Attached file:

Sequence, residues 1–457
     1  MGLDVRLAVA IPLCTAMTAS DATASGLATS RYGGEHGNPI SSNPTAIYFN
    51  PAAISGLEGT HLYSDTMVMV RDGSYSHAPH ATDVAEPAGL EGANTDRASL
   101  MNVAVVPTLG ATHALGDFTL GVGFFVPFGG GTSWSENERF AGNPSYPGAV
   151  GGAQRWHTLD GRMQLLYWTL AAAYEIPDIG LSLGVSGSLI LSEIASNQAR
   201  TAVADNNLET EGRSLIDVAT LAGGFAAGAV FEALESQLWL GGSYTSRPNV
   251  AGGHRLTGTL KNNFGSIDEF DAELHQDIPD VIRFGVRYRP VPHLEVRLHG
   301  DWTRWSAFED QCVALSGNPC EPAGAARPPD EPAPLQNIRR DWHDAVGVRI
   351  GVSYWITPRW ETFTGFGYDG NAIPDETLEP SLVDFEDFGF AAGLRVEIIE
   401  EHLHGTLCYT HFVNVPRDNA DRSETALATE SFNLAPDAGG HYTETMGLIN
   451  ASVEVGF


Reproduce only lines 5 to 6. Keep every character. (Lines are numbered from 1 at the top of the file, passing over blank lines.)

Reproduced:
   151  GGAQRWHTLD GRMQLLYWTL AAAYEIPDIG LSLGVSGSLI LSEIASNQAR
   201  TAVADNNLET EGRSLIDVAT LAGGFAAGAV FEALESQLWL GGSYTSRPNV